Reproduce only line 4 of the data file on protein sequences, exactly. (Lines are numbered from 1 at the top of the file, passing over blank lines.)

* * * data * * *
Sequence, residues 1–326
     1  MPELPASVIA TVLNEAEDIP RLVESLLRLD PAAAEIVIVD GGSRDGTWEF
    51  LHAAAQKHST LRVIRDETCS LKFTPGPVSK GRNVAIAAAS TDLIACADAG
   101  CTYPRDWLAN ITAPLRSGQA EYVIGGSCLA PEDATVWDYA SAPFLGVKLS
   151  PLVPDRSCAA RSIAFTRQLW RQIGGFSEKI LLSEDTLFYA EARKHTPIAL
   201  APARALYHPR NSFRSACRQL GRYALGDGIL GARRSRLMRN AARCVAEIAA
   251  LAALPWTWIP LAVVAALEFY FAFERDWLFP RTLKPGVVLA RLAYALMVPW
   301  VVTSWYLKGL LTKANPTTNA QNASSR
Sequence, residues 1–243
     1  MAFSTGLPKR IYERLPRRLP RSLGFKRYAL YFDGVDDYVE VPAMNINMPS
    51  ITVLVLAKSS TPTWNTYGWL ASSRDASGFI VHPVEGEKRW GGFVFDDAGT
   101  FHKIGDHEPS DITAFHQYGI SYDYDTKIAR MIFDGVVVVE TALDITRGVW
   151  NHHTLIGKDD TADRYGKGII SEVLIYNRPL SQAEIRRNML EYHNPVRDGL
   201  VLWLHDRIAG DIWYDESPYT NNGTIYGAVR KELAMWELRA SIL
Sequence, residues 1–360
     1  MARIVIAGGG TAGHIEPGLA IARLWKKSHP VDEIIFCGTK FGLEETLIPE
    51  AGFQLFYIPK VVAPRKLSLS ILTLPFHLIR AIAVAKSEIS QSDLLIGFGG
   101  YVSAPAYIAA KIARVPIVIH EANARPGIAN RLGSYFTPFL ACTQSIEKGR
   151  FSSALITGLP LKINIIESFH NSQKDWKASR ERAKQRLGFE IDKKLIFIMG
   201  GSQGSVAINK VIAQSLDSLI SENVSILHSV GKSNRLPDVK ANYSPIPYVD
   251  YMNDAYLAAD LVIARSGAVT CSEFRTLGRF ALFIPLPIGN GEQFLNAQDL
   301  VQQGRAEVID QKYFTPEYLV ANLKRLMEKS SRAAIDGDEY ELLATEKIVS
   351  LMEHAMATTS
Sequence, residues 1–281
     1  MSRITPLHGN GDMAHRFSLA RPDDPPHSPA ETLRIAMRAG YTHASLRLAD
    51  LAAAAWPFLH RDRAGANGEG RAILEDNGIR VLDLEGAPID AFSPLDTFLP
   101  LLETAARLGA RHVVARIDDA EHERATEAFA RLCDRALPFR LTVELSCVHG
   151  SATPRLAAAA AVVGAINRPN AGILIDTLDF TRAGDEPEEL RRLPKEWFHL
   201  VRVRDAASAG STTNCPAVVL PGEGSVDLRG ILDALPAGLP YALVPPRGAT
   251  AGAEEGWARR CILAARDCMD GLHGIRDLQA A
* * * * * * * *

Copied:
   101  CTYPRDWLAN ITAPLRSGQA EYVIGGSCLA PEDATVWDYA SAPFLGVKLS